Tuesday, July 24, 2007

Oklahoma Supreme Court Strikes Down Retroactive Mandatory Arbitration Clause


The issue before this Court is whether a named plaintiff in a class action lawsuit must be dismissed when that plaintiff subsequently signs a consumer form-contract containing a mandatory arbitration clause that includes a class action waiver. We find the clause unenforceable.


¶14 Consumers signing such adhesion contracts are susceptible to unpleasant surprises prepared for the protection of the corporation, not the consumer. The law has begun to take a more active role in the protection of the consumer against abuses. That consumers have not read or do not understand the implications of contract provisions has been implicitly recognized in our insurance case law by the use of the phrase "hidden in policy provisions." Max True Plastering Co., 1996 OK 28, ¶ 2, 912 P.2d at 863. As a result, new rules in such adhesion contracts have been applied to protect the "reasonable expectations" of the parties. Max True Plastering Co., 1996 OK 28, ¶ 6, 912 P.2d at 864.

¶15 The question we must answer is whether the clause in the May 23, 2001, contract that asserts the parties "agree" to arbitrate any disputes arising from any prior agreement including those from predecessors in interest, is enforceable. The question is not whether the arbitration clause in the May 23, 2001, contract is valid as it relates to that specific contract, but whether it controls the previous Southwestern Bell Mobile Systems contract, which is the contract at the center of this class action.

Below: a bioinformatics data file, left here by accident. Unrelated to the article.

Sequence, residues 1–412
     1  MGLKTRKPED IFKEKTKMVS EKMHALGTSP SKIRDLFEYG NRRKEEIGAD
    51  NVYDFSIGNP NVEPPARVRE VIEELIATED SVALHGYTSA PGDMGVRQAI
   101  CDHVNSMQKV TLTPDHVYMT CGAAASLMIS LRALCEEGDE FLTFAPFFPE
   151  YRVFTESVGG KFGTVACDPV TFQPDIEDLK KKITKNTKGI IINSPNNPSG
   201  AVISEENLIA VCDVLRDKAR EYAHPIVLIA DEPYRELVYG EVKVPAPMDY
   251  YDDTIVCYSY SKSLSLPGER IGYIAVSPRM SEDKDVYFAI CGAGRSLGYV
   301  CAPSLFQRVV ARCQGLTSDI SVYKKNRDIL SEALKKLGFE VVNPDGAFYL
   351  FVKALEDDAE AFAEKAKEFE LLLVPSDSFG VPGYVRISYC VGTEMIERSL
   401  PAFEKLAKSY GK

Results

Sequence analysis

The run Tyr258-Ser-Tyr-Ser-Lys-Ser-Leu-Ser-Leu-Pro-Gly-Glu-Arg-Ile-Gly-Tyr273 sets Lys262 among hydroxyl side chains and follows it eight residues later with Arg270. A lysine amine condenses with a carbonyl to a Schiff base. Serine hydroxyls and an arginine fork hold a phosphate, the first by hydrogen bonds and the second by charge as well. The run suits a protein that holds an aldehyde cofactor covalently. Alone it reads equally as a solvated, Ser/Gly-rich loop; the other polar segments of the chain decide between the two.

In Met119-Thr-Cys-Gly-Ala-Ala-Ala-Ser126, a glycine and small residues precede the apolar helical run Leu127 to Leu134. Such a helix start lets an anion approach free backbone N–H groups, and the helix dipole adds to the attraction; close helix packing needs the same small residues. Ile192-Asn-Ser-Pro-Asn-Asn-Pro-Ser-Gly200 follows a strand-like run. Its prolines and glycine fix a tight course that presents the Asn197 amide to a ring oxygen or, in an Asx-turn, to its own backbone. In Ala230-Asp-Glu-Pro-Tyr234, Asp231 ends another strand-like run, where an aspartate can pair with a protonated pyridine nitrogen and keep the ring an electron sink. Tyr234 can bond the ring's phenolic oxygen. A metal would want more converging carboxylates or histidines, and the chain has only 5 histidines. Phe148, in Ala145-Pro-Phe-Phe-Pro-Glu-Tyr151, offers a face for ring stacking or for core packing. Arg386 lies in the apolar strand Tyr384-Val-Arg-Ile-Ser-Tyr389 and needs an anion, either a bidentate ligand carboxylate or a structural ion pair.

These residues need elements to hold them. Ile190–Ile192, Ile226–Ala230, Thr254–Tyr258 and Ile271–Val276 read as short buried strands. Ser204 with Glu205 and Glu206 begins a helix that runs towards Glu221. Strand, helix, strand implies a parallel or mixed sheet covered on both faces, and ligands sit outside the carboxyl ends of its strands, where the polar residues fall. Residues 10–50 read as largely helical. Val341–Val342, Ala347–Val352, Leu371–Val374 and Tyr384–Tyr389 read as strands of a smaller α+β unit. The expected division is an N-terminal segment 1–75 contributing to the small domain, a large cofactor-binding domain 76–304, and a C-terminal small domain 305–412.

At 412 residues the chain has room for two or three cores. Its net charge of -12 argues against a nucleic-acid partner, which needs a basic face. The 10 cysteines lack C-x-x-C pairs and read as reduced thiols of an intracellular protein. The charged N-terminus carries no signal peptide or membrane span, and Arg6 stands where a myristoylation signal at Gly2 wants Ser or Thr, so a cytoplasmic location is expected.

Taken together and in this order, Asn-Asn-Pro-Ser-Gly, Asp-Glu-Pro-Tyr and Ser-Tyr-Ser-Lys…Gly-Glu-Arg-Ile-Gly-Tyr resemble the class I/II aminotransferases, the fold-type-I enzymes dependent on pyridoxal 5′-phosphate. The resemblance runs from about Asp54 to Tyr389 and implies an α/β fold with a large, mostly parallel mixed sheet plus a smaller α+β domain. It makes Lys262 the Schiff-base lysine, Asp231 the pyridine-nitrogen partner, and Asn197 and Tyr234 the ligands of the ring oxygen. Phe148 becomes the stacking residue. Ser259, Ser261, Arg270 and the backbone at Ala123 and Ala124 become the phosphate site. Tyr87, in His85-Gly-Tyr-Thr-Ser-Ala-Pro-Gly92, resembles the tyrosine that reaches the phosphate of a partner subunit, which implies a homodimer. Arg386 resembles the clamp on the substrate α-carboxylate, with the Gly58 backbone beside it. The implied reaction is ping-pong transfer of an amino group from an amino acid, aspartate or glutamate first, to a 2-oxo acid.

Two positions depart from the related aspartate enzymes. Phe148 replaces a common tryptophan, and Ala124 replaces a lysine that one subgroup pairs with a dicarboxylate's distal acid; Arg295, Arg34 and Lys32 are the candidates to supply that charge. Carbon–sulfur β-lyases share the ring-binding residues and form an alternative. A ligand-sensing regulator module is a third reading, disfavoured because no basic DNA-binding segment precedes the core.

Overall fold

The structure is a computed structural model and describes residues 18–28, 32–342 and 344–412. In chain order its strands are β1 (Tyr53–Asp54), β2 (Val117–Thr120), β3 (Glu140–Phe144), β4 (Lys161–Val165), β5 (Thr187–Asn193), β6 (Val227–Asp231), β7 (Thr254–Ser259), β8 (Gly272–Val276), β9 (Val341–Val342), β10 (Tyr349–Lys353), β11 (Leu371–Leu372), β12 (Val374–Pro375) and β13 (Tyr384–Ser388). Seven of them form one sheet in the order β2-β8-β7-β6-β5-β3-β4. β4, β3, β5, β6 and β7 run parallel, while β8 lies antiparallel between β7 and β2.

¶20 Cingular cites Barnes v. Helfenbein, 1976 OK 33, 548 P.2d 1014, which provides the test for unconscionability.

"The basic test of unconscionability of a contract is whether under the circumstances existing at the time of making of the contract, and in light of the general commercial background and commercial need of a particular case, clauses are so one-sided as to oppress or unfairly surprise one of the parties. Unconscionability has generally been recognized to include an absence of meaningful choice on the part of one of the parties, together with contractual terms which are unreasonably favorable to the other party."

Barnes, 1976 OK 33, at ¶ 23, 548 P.2d at 1020.


¶22 Despite Cingular's argument, it defies reason to conclude that Bilbrey intended to halt a class action suit filed February 15, 2001, in exchange for a free cell phone on May 23, 2001. He even continued to pursue the case for another ten months at which time Cingular finally discovered the arbitration clause. Clearly, Bilbrey did not know the implications of the May 23, 2001, contract, and Cingular's agents, the attorneys in this lawsuit, did not realize he had signed it. It is equally clear that both Bilbrey and Cingular's agents were surprised by Bilbrey's signing a contract that could potentially result in the dismissal of a class action lawsuit that was currently being actively prosecuted by Bilbrey and vigorously defended by Cingular.

¶23 Such an effect is one-sided and unreasonably favorable to Cingular. The cases cited by Cingular that give effect to retrospective clauses in arbitration agreements are not on point.7 We accordingly find the retroactive clause in the arbitration agreement unconscionable as it relates to a presently active lawsuit that would be dismissed if this clause were given effect.

Hat Tip: Elaine Dowling at Consumer Law Updates

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